Sunday Levity: Ten reasons why Bappi Lahiri is better than a thermonuclear bomb

A National Humour Rights Commission Report

At the sidelines of a G-20 summit, two bhais, one Hindi, one Chini, meet at an abandoned temple.

Mere Paas Bappi Hai
Mere Paas Bappi Hai

Chinibhai: “Look, we both rose from the same per-capita GDP rate. But see where you are now, and where I am now. Today I have tall buildings, Olympic stadiums, trade surpluses, Sovereign Wealth Funds, ICBMs and thermonuclear bombs. What do you have?”

Hindibhai: “Mere paas Bappi hai

Contrary to popular belief, the Indian interlocutor was not making a emotional argument. He was engaged in strategic signaling—sounding a subtle warning that even if the thermonuclear design didn’t deliver the expected bang, we have Bappi on our side. A keen scholar of Indian history and culture, the Indian diplomat was drawing attention to the ancient Reality Show in which the Kauravas might well have had the biggest army, but the Pandavas had The Charioteer. We all know how that war ended.

You don’t have to be a Bappitva fundamentalist to understand why Bappi Lahiri is better than a thermonuclear bomb. At the broadest strategic level, this is because while a nuclear weapon is merely an instrument of hard power, Bappida is that and more. For ten important reasons:

First, because a thermonuclear bomb has to be developed indigenously it is very hard and expensive to build one. On the other hand, not only do we already have Bappida, but he himself has never been moved by indigenousness, swadeshi and other forms of irrelevant parochialism. He’ll take whatever, from wherever and make it rock.

Second, even if you design a thermonuclear bomb, it is very difficult and very costly to test it. Bappida doesn’t suffer from similar constraints. He’ll just go ahead and test his designs—if you think it is successful, you’ll get on your feet and dance. If you don’t, then it cost you Rs 25 (in 1985 rupees) or less to figure out that you are on the sad side of the generation gap. No one will demand a ban on his tests.

Third, how easy do you think it is to increase the yield of a thermonuclear bomb? The correct answer is “not at all”. But to improve Bappida’s yield you just need to turn the knob (of the 1985 amplifier) clockwise, slowly. (Those who have done this will know that it will set-off explosions in the adjacent room, flat or town. In some localities in Tamil Nadu, it will even cause mass migrations radiating away from the said amplifier.)

Fourth, you can’t put dark glasses on a thermonuclear bomb.

Fifth, a thermonuclear bomb is useless as a store of wealth. But Bappida is India’s secret Sovereign Wealth Fund. All that gold jewelry can defend the rupee, the Indian government and the Indian film industry.

Sixth, the bomb doesn’t have a son called Bappa.

Seventh, nobody in Kazakhstan, Tajikistan, Hollywood or South Bombay knows, or gives a damn about, India’s thermonuclear bomb. But they are passionate about Jimmy.

Eighth, try getting a thermonuclear bomb to sue Dr Dre for plagiarism. It can’t, and even if it did, no California jury will side with an ugly beast that doesn’t sport dark glasses indoors and wear heavy gold jewelry.

Ninth, a hydrogen bomb can’t judge a reality show.

And finally, the thermonuclear bomb can never—not in a million years—sing “Yaad aa raha hai, tera pyaar”. See for yourself:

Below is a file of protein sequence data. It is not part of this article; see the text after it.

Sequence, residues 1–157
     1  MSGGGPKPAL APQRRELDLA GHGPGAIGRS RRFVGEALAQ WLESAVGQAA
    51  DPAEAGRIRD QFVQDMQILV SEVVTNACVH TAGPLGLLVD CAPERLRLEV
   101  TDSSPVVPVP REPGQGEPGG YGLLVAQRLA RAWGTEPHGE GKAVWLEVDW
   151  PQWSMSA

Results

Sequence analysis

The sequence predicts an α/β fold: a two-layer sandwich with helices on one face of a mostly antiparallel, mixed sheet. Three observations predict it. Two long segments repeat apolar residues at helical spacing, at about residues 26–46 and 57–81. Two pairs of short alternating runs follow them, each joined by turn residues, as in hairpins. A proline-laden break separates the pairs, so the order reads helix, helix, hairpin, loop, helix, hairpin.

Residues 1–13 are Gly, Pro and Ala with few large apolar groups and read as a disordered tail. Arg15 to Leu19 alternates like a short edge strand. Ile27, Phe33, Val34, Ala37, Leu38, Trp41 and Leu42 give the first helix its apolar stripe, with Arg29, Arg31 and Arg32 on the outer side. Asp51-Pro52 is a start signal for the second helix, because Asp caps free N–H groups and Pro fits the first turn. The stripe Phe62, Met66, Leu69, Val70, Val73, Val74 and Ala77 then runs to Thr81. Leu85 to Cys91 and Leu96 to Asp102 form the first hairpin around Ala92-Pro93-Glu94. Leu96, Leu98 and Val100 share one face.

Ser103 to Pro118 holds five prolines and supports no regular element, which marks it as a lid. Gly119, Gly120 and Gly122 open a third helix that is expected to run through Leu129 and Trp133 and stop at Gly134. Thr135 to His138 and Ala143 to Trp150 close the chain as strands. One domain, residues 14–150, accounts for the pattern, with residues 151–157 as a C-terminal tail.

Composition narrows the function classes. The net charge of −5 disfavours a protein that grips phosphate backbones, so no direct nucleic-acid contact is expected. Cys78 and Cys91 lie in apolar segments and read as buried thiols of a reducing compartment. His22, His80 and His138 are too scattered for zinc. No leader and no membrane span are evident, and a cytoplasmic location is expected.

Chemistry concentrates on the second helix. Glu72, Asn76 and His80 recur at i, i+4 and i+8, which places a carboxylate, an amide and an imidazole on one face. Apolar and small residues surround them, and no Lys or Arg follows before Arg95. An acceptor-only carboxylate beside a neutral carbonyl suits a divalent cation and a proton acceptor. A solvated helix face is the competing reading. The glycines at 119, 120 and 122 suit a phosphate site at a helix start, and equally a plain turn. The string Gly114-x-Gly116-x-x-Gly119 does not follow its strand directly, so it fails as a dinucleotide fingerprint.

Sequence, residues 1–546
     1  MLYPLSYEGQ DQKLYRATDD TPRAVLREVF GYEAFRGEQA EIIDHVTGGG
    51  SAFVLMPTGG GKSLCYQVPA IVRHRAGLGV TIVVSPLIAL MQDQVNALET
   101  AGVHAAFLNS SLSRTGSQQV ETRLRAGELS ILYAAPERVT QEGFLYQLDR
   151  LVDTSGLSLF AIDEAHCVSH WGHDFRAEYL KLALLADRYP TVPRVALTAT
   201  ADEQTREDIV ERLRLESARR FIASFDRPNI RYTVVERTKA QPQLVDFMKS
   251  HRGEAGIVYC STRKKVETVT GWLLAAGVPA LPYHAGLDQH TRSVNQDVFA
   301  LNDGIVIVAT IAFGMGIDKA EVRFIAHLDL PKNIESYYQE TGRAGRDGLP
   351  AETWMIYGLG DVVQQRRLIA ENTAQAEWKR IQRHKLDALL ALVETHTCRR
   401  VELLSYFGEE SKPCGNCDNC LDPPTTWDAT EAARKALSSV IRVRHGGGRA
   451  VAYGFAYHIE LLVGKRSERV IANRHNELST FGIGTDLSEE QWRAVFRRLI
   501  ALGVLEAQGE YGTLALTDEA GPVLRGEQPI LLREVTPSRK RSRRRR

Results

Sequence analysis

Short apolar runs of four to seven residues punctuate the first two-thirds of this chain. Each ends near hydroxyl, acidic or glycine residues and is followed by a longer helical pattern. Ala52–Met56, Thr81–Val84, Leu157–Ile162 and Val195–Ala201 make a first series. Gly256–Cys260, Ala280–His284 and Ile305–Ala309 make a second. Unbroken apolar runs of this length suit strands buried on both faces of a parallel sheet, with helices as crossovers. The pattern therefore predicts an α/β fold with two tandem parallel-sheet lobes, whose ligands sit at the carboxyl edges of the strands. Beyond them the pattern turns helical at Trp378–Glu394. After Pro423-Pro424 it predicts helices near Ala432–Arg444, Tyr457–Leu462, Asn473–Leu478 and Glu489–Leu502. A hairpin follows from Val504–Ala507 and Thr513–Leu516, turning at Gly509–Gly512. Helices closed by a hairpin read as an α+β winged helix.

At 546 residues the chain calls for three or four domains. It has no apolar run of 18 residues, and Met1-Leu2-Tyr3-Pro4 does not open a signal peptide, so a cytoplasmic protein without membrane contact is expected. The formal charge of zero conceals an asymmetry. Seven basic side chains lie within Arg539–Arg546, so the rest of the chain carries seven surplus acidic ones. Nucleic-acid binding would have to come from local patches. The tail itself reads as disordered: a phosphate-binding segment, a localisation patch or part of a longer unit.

Actually, astute as they are, the Chinibhais have known all this for some time. But they couldn’t do much about it. Not that they didn’t try—surely, you don’t think that it is a mere coincidence that that Dear Leader chap wears dark glasses—but not every charioteer is The Charioteer. Till that time, India is safe.

15 thoughts on “Sunday Levity: Ten reasons why Bappi Lahiri is better than a thermonuclear bomb”

  1. Why are you guys piling on Bappi? Campy style and occasional plagiarism apart, he did create some really good music.

  2. Honestly I don’t quite like what Bappi has come to stand for. Though I must admit that I may rock to some of his numbers. But apart from being proud of what one really is, this article gives too much importance to Bappi’s soft power and perhaps recommends this as a strategy to be copied.
    I would suggest you listen to some of the recent creations of Sandeep Khare and Salil Kulkarni. Unlike Bappi’s songs / music methodology, they have conjured up a healthy fusion of a variety of music styles and touch upon issues contemporary, current and modern……

    In summary, glorification for copying , confusing over creating is something I would not recommend, especially knowing the vast cultural resources that we as Indians have to work with and shoddy outcomes that we often have to defend
    -Saurabh

  3. How come there is no mention of the great one…. Annu Mallik? He is the equal of a Dong-Feng, Changefeng, Hongniao, Julang, Shenzhou combined!!!

  4. @huvishka,

    Shh! You are leaking state secrets. Annu Malik and a certain other cap-wearing character are part of our strategic arsenal. They are peerless. None of those dingdongs you mention come close. But let us speak softly, but carry a big amp.

  5. Dear Mr Palkar,

    The NHRC hereby issues a show cause notice to you, for violating our humour rights and taking things seriously.

    Please apologise or ROTFL

  6. Mr. Udayan,
    hmmm ! Your prescription ROFL (No T in the acronym) now is really NO LAUGHING Matter. It directly caused a LARGE BUMP on my head, even though I did exactly what you asked.

    Just wait till my 1-800-LAWYER sues you for this.

    Saurabh

  7. The comments are as interesting as the posts.Specially the one with leaking the state secrets.I think Nana Patekar and Irffan Khan are enough to take guard on both frontiers.As for the South………………No comments.

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